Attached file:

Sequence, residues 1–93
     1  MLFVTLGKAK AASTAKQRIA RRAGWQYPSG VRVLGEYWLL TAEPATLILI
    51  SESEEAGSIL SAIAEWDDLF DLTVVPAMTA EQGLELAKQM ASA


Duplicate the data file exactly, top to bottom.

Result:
Sequence, residues 1–93
     1  MLFVTLGKAK AASTAKQRIA RRAGWQYPSG VRVLGEYWLL TAEPATLILI
    51  SESEEAGSIL SAIAEWDDLF DLTVVPAMTA EQGLELAKQM ASA